The Radeon RX 6900 XT is finally here and it is magnificent, as you’d expect from a graphics card that costs a staggering four figures. At $1,000, AMD’s first enthusiast-class gaming flagship doesn’t come cheap—but it’s a lot cheaper than its primary competition, the $1,500 GeForce RTX 3090. The Radeon RX 6900 XT wins some and loses some depending on the game, but overall, it’s 9 percent slower than the GeForce RTX 3090 at 4K resolution across our testing suite, while a mere 2 percent slower at 1440p.
How does it hang at 3440×1440 ultrawide gaming, which essentially splits the difference between 4K and 1440p? Very, very well. Let’s dig in.
We conducted our tests on the $550, 144Hz Nixeus EDG34S monitor we’ve used for prior ultrawide testing. It’s an outstanding value for the price, if a bit short on features, and the display supports AMD’s FreeSync Premium adaptive sync technology. You’ll need to use the monitor’s on-screen display to activate adaptive sync first, however.
Here’s a list of what’s inside our GPU test system, which was built to minimize potential bottlenecking in other components, putting the full brunt of the tests on the graphics card itself:
Intel Core i7-8700K processor
EVGA CLC 240 closed-loop liquid cooler ($105 on Amazon)
Asus Maximus X Hero motherboard
64GB HyperX Predator RGB DDR4/2933 ($355 on Amazon)
EVGA 1200W SuperNova P2 power supply ($352 on Amazon)
Corsair Crystal 570X RGB case, with front and top panels removed and an extra rear fan installed for improved airflow
2x 500GB Samsung 860 EVO SSDs ($57 each on Amazon)
Each game is tested using its in-game benchmark at the highest possible graphics presets unless otherwise noted, with VSync, frame rate caps, real-time ray tracing or DLSS effects, and FreeSync/G-Sync disabled, along with any other vendor-specific technologies like FidelityFX or Hairworks. We’ve also enabled temporal anti-aliasing (TAA) when it’s available. Check out our full Radeon RX 6900 XT review for deeper insight into our methodology.
We’ll present the raw benchmark results after introducing each game. Skip to the end for deeper performance analysis.
Watch Dogs: Legion
Watch Dogs: Legion is one of the first games to debut on next-gen consoles. Ubisoft upgraded its Disrupt engine to include cutting-edge features like real-time ray tracing and Nvidia’s DLSS. We disable those effects for this testing, but Legion remains a strenuous game even on high-end hardware with its optional high-resolution texture pack installed. No card can maintain a 60 frames-per-second average with Ultra graphics options enabled, and the game allocates more than 8GB of memory even at 1440p. Oof.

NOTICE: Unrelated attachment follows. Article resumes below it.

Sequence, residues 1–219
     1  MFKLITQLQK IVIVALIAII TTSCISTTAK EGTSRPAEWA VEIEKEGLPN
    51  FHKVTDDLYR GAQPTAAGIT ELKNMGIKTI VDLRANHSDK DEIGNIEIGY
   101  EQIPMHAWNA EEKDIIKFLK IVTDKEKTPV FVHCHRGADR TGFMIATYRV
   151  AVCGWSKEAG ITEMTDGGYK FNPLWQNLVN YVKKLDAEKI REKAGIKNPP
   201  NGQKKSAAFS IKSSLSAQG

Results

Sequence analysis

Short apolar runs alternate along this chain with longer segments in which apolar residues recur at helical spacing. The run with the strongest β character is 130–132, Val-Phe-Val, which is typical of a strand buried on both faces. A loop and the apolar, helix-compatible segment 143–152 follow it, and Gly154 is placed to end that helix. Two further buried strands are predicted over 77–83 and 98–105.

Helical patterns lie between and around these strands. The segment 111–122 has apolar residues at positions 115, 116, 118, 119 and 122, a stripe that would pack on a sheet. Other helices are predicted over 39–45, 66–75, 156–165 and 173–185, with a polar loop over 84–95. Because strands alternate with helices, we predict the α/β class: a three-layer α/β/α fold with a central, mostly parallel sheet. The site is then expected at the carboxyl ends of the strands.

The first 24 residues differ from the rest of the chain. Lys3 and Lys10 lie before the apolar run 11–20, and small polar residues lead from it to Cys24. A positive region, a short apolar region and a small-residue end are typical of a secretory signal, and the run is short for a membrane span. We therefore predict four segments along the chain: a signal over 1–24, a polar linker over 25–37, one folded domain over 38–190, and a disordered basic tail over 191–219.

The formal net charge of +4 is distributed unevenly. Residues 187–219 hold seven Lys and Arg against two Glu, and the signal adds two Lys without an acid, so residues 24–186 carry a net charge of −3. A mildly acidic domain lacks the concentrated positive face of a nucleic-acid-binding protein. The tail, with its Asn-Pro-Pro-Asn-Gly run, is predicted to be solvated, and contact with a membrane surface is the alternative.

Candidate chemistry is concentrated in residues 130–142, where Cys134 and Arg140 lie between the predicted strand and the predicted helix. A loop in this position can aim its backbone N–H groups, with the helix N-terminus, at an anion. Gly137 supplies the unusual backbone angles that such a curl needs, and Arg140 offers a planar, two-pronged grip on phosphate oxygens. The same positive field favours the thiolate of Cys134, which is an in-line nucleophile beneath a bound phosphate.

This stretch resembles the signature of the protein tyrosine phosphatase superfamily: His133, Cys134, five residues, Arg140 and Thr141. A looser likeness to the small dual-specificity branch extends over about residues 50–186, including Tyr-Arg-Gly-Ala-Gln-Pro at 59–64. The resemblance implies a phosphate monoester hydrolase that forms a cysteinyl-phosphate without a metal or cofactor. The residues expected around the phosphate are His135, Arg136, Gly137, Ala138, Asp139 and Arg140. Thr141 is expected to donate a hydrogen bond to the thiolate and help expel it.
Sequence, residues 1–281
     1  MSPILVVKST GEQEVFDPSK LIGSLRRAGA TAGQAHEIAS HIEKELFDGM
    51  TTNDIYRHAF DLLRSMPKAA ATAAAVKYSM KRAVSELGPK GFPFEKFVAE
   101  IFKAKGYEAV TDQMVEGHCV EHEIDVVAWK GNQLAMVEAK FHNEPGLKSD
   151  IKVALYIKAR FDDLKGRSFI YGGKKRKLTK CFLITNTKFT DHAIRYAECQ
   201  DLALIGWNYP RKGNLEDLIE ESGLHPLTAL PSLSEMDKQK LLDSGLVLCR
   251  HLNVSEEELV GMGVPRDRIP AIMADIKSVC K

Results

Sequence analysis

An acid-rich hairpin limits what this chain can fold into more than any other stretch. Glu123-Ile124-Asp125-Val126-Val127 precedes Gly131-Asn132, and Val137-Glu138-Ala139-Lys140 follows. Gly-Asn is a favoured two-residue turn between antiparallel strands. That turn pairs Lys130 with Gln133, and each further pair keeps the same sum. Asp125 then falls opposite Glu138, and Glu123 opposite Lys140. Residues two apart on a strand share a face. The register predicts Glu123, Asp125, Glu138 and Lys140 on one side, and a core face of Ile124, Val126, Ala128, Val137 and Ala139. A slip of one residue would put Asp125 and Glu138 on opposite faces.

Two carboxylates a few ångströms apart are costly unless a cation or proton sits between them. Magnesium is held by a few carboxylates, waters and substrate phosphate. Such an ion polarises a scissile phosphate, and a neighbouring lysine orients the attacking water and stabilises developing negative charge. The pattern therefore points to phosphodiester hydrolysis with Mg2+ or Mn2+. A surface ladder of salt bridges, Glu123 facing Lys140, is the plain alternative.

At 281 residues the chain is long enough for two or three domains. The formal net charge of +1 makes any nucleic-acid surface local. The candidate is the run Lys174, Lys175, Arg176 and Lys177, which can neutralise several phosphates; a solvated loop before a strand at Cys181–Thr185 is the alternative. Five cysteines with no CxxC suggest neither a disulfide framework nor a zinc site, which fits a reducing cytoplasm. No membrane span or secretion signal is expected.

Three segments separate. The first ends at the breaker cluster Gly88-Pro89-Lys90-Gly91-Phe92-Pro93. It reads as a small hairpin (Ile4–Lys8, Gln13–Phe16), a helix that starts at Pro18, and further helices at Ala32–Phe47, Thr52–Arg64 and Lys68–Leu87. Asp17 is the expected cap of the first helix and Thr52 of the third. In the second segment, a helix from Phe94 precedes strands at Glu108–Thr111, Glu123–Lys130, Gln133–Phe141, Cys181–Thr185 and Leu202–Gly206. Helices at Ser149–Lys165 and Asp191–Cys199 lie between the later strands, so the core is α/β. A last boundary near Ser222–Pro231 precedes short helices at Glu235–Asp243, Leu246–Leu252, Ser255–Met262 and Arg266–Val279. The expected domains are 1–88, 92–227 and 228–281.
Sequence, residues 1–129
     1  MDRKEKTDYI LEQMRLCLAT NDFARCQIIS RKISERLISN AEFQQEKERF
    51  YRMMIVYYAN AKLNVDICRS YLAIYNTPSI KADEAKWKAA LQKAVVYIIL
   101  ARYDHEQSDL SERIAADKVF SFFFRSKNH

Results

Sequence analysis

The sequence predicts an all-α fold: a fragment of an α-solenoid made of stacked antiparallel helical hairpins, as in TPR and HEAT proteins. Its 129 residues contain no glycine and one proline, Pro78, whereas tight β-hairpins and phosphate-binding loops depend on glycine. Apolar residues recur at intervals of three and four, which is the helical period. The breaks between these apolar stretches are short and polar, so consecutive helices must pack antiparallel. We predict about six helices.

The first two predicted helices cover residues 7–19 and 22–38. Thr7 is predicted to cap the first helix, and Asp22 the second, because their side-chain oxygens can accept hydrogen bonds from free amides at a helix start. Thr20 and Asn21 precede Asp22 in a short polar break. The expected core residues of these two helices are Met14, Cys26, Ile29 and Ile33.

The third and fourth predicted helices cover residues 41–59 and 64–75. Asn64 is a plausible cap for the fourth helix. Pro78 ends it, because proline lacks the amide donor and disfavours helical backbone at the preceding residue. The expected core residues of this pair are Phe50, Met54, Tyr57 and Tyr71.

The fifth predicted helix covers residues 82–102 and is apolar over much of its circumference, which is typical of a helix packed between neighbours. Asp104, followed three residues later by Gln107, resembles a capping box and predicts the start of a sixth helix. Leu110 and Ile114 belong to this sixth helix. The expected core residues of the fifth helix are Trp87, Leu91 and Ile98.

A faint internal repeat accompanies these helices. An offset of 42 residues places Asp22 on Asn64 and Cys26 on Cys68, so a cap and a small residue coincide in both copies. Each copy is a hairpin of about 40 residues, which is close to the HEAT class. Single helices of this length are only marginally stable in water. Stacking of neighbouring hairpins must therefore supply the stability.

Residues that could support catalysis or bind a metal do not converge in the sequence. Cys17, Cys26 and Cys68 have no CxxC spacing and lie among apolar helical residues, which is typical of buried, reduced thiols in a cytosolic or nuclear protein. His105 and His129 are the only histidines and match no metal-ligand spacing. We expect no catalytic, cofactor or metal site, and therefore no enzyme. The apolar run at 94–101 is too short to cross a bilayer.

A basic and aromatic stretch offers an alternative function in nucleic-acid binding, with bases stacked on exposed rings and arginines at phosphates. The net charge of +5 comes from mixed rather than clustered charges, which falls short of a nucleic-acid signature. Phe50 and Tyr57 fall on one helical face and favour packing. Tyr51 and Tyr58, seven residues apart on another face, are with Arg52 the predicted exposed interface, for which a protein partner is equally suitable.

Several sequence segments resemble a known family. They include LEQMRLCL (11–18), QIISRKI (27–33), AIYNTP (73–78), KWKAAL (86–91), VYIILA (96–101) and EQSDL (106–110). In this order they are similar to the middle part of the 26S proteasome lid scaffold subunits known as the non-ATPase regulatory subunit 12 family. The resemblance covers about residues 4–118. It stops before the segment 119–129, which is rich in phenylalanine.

Horizon Zero Dawn
Yep, Sony exclusives are hitting the PC now. Horizon Zero Dawn hit Steam with some performance issues, but the most egregious ones have mostly been cleared up thanks to hard work from the developers, and the game topped the sales charts for weeks after its release. It also seems to respond somewhat to PCIe 4.0 scaling, which will make this an interesting inclusion when we shift to a PCIe 4.0-based system in the future.
Horizon Zero Dawn runs on Guerrilla Games’ Decima engine, the same engine that powers Death Stranding. Ambient Occlusion can still offer iffy results if set to Ultra, so we test with that setting at Medium. Every other visual option is maxed out.
Gears Tactics puts it own brutal, fast-paced spin on the XCOM-like genre. This Unreal Engine 4-powered game was built from the ground up for DirectX 12, and we love being able to work a tactics-style game into our benchmarking suite. Better yet, the game comes with a plethora of graphics options for PC snobs. More games should devote such loving care to explaining what flipping all these visual knobs mean.